Tuesday, August 16, 2011

Kyoto: Part 1


Dear Staci and Daniel,

In a few days you are going to travel to Kyoto, Hiroshima and Kobe during your summer vacation. You are probably making final plans and packing your suitcases at this moment. I have risked much to bring you this important message. Don't go! It is too hot! Sure you will have a great time. But you will be perpetually sweating, cranky and it's hotter than a cat on a tin roof. Please think about it. Take care.

Sincerely, 

Future Daniel and Future Staci


If only we had received that letter in time. In spite of the weather we had a wonderful vacation which started in Kyoto. Our first stop was Fushimi Inari Shrine famous for its many torii gates.


Next, we visited Kiyomizu Temple and had some green tea ice cream.



It has a great view of the city, but is most famous for the Otowa Waterfall (actually just three fountains) that have the power to grant you wisdom, good health, and longevity when you drink from them.

 On the way back down we spotted three Maiko. A Maiko is an apprentice Geisha.

If we thought we were hot.. I can only imagine.

To be continued...

Monday, August 15, 2011

That time I went to Tokyo with my Co-Workers


So funny things happen when you go to Tokyo with a group of Japanese Teachers.

We saw Sky Tree, it is huge.

There is a posed picture, but I liked this candid one better. 


Then they asked me if I liked tempura several times.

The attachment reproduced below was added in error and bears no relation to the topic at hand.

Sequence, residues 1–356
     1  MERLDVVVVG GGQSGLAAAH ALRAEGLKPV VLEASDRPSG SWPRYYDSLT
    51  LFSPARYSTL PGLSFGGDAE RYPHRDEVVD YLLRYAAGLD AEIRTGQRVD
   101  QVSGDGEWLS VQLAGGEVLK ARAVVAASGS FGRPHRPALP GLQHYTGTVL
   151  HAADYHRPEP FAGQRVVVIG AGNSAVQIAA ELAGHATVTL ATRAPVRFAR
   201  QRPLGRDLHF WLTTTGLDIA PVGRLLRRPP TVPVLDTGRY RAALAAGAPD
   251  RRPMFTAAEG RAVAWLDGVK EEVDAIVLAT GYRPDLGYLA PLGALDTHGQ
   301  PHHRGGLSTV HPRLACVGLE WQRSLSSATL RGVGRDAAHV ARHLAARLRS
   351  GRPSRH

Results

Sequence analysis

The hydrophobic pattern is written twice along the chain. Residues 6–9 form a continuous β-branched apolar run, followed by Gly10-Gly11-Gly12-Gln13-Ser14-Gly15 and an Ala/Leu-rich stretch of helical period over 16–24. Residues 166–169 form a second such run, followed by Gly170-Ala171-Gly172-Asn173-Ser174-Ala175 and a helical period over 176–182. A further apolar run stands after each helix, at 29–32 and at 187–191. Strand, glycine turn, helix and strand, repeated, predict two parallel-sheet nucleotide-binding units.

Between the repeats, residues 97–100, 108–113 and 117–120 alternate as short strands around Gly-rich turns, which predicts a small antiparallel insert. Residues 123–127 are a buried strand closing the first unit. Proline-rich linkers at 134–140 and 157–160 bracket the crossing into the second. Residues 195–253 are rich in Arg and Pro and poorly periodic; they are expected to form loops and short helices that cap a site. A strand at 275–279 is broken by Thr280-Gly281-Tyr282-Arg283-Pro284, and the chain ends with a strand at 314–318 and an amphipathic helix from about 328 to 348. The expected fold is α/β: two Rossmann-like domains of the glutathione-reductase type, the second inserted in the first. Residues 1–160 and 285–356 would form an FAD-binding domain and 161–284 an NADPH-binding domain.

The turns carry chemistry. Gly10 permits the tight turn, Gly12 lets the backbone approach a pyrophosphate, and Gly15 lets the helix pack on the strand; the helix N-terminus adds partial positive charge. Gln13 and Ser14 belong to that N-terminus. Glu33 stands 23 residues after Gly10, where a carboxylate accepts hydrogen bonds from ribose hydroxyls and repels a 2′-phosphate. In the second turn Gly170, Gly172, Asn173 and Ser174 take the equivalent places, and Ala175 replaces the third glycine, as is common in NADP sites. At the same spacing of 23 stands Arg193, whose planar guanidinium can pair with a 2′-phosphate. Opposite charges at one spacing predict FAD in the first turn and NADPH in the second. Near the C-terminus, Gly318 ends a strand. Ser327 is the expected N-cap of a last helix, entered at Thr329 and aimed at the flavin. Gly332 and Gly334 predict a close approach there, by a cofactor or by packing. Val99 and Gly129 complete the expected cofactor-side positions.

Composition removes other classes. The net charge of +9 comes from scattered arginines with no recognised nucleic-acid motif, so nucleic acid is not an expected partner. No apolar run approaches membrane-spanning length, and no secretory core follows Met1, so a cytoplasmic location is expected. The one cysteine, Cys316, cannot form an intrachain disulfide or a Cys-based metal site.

This is tempura... It is just fried...anything.



I'm American, of course I like fried anything.

Next we toured the busiest part of Tokyo and ate dessert.


I got a cream snow cone thingy, they got sweet bean paste.


We went to a show. A Japanese comedian review. It was interesting. 

The acts consisted of two men and a microphone.

One man was usually fat and the other was skinny. 

Or one was dressed in ridiculous clothing and the other wore a suit. 

I don't really know what they said. 

One of my co-workers, after the show, said she didn't understand most of what was said because they talk too fast. 

We went to dinner, ate fish brains, and drank yummy drinks. 


The end.

Sunday, August 14, 2011

Soboro

It has been far too long since we've had a lunch post.

The white rice greatly complements the seashore fish sausage, which tastes better than it sounds and/or looks. There is also boiled soboro and ginger-flavored veggies. 


Wednesday, August 3, 2011

Summer Training


This last week we had AET summer training. I did not take many pictures because most of our time was spent inside a lecture room doing various activities.

 

On Tuesday we visited a community center to participate in various cultural activities. These included...

making pottery...


chopping wood (for the fire to cook our lunch)...


cooking yakisoba for lunch...

 I can cook yakisoba! Yum...

and enjoying a good meal.


During the afternoon we learned some new Kanji, practiced calligraphy, and carved potatoes with wood chisels.

Look how studious I am...

But my favorite part of summer training was Aaron teaching us a dance that is currently very popular in Japan. Enjoy!